C Tutorial: avoid mallocs and string copies

Avoid excessive string copying

Much of the work related to things like reading data from users or reading configuration files involves parsing that data to extract strings of interest. In these cases, it is tempting to allocate new buffers to hold these strings and copy the appropriate characters into them.

This is a perfectly valid approach. However, in certain cases it is not necessary to allocate space and copy strings. If all the data that you need is in the original string and you will not be overwriting that original buffer before you make use of the data, it is quite possible to simply terminate the strings you need (store a 0 at the end of the string) and keep track of pointers to the strings instead of copying the data.

The advantages of doing this are increased performance and reduced bugs: increased performance because of less copying and dealing with managing memory and reduced bugs in forgetting to free memory when no longer needed.


Below is a simple example that shows how we can parse a string that contains tokens separated with / characters into those individual tokens.

This particular example could have been done with the strtok library function but the same technique, with a bit of extra code, can be used to handle things that strtok cannot handle, such as scanning through quoted strings or handling escape characters. For more complex tasks, you're better off implementing a state machine or using a formal lexical analyzer.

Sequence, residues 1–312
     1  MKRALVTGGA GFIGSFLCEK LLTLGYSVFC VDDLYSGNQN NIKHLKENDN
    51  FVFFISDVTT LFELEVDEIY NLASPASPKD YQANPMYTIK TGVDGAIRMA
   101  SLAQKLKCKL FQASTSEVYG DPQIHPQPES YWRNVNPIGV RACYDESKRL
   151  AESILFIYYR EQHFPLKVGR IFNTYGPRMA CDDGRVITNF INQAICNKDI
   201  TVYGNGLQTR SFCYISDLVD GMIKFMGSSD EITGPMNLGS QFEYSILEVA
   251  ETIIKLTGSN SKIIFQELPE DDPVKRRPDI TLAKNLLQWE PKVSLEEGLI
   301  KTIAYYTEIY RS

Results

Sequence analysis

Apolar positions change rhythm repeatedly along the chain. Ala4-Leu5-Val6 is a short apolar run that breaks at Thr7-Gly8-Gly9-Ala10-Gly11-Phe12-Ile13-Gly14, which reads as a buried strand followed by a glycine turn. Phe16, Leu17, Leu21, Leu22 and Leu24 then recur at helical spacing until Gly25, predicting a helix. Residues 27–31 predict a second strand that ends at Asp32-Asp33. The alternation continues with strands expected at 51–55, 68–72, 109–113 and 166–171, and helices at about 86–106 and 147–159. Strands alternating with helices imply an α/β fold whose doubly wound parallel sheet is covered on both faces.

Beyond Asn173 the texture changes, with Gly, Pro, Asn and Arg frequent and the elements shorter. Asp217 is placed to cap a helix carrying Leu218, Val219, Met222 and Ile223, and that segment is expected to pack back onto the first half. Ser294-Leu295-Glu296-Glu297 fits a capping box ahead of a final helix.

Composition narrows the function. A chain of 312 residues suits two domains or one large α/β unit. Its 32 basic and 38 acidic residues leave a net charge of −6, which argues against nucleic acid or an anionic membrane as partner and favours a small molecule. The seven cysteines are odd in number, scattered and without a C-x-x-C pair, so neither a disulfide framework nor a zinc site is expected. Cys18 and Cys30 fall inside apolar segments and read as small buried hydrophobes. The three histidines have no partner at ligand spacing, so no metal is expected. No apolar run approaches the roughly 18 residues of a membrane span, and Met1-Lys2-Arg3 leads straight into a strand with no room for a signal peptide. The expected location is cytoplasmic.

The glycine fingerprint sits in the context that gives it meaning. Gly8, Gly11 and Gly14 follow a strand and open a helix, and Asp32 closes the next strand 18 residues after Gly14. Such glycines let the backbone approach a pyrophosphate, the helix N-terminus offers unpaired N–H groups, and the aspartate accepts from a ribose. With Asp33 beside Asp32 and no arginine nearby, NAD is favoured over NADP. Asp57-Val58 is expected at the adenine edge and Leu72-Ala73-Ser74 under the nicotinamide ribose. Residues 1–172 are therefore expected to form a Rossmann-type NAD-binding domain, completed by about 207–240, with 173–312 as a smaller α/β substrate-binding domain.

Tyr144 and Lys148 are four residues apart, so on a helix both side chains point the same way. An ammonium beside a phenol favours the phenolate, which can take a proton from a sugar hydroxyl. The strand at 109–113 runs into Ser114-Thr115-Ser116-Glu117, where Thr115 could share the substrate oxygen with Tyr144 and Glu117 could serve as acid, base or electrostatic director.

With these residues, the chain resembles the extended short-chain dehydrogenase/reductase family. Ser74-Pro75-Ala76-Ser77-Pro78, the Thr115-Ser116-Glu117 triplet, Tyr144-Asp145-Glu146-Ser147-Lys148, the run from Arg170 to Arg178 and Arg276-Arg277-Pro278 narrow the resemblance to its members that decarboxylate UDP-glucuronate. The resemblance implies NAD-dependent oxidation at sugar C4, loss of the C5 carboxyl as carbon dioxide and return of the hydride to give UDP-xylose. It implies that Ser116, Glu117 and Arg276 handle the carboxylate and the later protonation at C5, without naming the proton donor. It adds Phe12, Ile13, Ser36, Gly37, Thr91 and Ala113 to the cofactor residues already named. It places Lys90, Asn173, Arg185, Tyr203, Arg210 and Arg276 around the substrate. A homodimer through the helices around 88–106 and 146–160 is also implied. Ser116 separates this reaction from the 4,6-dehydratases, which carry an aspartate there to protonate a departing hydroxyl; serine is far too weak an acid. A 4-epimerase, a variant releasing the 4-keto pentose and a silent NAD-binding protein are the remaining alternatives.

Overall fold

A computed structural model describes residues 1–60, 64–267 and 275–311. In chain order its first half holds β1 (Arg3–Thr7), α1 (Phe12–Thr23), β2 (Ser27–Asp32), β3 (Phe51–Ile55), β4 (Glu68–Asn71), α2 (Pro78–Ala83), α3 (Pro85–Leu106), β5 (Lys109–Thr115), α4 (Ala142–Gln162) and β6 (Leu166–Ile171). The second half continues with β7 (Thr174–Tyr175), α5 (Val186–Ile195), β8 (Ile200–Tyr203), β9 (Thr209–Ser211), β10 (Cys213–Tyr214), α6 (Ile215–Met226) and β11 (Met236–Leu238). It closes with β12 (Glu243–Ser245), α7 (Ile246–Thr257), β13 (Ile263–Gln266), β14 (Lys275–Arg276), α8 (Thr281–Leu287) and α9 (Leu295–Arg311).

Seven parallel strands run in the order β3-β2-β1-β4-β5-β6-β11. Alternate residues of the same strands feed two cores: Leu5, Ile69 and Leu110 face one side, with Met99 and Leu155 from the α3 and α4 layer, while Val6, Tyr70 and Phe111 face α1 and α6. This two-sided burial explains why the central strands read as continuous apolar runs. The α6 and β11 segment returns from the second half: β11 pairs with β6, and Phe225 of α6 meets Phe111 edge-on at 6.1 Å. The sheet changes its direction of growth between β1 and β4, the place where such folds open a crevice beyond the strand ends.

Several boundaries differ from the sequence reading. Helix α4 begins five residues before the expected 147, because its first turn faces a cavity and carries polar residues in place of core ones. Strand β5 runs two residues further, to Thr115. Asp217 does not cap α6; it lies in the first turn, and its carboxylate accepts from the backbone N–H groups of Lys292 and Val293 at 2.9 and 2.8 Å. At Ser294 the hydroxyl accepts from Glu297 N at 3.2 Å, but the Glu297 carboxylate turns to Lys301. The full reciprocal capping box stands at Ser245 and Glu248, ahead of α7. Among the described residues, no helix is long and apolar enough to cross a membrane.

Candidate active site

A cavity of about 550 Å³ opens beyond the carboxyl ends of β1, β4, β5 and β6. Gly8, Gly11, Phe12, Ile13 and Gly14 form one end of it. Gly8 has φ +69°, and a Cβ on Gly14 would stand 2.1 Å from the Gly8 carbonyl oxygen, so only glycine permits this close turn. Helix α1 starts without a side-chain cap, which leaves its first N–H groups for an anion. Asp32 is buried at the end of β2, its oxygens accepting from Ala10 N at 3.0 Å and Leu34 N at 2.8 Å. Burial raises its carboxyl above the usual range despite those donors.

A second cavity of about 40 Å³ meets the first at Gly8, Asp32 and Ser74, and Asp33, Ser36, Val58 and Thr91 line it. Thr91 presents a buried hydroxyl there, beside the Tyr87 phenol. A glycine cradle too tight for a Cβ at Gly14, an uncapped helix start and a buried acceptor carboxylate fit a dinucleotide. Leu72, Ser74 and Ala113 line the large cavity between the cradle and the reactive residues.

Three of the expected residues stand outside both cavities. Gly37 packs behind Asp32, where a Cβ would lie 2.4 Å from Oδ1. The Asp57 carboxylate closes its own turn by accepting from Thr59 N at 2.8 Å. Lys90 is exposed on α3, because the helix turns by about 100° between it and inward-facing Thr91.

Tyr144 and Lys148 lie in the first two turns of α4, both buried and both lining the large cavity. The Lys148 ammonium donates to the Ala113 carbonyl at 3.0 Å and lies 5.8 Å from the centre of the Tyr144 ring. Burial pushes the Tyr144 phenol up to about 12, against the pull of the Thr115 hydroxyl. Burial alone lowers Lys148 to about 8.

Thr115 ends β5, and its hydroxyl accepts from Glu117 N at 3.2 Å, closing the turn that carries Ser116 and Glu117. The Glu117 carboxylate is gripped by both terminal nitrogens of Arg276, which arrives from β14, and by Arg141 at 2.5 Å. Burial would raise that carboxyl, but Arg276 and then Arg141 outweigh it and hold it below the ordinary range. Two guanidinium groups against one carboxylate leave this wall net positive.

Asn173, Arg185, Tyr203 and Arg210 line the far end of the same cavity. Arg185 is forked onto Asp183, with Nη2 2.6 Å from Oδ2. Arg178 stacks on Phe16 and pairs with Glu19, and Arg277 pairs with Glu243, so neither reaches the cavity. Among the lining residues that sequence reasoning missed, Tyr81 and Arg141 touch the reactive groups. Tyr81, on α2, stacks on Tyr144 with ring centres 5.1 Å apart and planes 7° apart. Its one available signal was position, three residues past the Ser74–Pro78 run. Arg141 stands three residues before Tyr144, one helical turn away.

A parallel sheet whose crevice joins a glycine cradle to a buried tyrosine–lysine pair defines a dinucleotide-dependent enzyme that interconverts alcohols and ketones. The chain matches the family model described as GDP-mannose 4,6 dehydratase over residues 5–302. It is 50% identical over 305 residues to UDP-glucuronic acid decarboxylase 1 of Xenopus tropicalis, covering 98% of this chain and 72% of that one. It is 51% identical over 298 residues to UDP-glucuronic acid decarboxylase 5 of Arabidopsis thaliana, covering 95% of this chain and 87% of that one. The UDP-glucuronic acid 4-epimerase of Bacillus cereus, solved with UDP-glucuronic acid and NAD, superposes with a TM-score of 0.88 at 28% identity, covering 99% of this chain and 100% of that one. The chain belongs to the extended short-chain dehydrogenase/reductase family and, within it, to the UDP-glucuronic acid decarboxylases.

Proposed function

/* parse tokens without allocating buffers and copying strings For the parsing used here, you can use strtok() to accomplish the same thing. For other types of parsing, strtok() may not be sufficient. Paul Krzyzanowski */ #include <stdio.h> #define MAXTOKENS 256 int main(int argc, char **argv) { char name[] = "//abc/def////ghi/jkl"; /* test string */ char *item[MAXTOKENS]; /* this holds our array of tokens */ char separator = '/'; char *s; /* where we're scanning */ int i=0; /* current item */ for (s=name; *s == separator; s++) ; /* skip initial separators */ item[i] = s; /* first token */ for (; *s; s++) { if (*s == separator) { /* end of item */ *s = 0; /* mark end of string */ while (*(s+1) == separator) s++; /* skip all separators */ item[++i] = s+1; } } /* print our list of tokens */ int j; for (j=0; j <= i; j++) printf("item %d: \"%s\"\n", j, item[j]); }

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Save this file by control-clicking or right clicking the download link and then saving it as nomalloc.c.

Compile this program via:

gcc -o nomalloc nomalloc.c

If you don't have gcc, You may need to substitute the gcc command with cc or another name of your compiler.

Run the program:



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